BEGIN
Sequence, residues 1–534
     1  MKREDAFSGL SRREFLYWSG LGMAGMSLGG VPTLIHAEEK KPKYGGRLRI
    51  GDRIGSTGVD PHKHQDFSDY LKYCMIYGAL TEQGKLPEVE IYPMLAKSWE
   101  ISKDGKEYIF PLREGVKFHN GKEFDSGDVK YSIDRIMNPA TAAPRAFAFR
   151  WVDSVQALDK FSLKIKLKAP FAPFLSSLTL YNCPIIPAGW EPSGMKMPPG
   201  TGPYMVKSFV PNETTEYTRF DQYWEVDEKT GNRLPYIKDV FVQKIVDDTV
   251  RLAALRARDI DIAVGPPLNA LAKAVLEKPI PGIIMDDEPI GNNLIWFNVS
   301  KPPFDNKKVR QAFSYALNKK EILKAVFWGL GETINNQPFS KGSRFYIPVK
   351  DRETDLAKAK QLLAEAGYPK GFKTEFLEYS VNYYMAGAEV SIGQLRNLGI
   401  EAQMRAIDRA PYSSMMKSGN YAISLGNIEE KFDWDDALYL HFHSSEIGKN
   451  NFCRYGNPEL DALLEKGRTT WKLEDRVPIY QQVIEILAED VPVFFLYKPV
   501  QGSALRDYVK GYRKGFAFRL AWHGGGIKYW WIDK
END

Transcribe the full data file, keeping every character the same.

Sequence, residues 1–534
     1  MKREDAFSGL SRREFLYWSG LGMAGMSLGG VPTLIHAEEK KPKYGGRLRI
    51  GDRIGSTGVD PHKHQDFSDY LKYCMIYGAL TEQGKLPEVE IYPMLAKSWE
   101  ISKDGKEYIF PLREGVKFHN GKEFDSGDVK YSIDRIMNPA TAAPRAFAFR
   151  WVDSVQALDK FSLKIKLKAP FAPFLSSLTL YNCPIIPAGW EPSGMKMPPG
   201  TGPYMVKSFV PNETTEYTRF DQYWEVDEKT GNRLPYIKDV FVQKIVDDTV
   251  RLAALRARDI DIAVGPPLNA LAKAVLEKPI PGIIMDDEPI GNNLIWFNVS
   301  KPPFDNKKVR QAFSYALNKK EILKAVFWGL GETINNQPFS KGSRFYIPVK
   351  DRETDLAKAK QLLAEAGYPK GFKTEFLEYS VNYYMAGAEV SIGQLRNLGI
   401  EAQMRAIDRA PYSSMMKSGN YAISLGNIEE KFDWDDALYL HFHSSEIGKN
   451  NFCRYGNPEL DALLEKGRTT WKLEDRVPIY QQVIEILAED VPVFFLYKPV
   501  QGSALRDYVK GYRKGFAFRL AWHGGGIKYW WIDK